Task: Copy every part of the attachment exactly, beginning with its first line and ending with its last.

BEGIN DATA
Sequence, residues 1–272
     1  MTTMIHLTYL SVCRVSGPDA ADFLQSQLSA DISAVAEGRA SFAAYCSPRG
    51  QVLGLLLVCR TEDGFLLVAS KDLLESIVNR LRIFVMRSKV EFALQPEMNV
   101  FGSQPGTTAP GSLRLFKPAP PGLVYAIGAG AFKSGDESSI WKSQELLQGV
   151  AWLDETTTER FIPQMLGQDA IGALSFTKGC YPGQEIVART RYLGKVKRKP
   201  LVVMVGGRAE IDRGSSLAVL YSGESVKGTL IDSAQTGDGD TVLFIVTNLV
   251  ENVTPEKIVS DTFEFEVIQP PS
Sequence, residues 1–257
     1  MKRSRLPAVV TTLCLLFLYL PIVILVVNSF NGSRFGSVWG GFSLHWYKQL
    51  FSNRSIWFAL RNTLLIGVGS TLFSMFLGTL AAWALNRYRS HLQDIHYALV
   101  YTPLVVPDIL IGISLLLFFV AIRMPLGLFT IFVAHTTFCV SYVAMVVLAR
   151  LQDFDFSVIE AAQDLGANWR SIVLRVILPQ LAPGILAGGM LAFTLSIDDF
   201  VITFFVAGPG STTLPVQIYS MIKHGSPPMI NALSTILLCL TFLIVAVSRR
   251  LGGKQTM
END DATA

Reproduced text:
Sequence, residues 1–272
     1  MTTMIHLTYL SVCRVSGPDA ADFLQSQLSA DISAVAEGRA SFAAYCSPRG
    51  QVLGLLLVCR TEDGFLLVAS KDLLESIVNR LRIFVMRSKV EFALQPEMNV
   101  FGSQPGTTAP GSLRLFKPAP PGLVYAIGAG AFKSGDESSI WKSQELLQGV
   151  AWLDETTTER FIPQMLGQDA IGALSFTKGC YPGQEIVART RYLGKVKRKP
   201  LVVMVGGRAE IDRGSSLAVL YSGESVKGTL IDSAQTGDGD TVLFIVTNLV
   251  ENVTPEKIVS DTFEFEVIQP PS
Sequence, residues 1–257
     1  MKRSRLPAVV TTLCLLFLYL PIVILVVNSF NGSRFGSVWG GFSLHWYKQL
    51  FSNRSIWFAL RNTLLIGVGS TLFSMFLGTL AAWALNRYRS HLQDIHYALV
   101  YTPLVVPDIL IGISLLLFFV AIRMPLGLFT IFVAHTTFCV SYVAMVVLAR
   151  LQDFDFSVIE AAQDLGANWR SIVLRVILPQ LAPGILAGGM LAFTLSIDDF
   201  VITFFVAGPG STTLPVQIYS MIKHGSPPMI NALSTILLCL TFLIVAVSRR
   251  LGGKQTM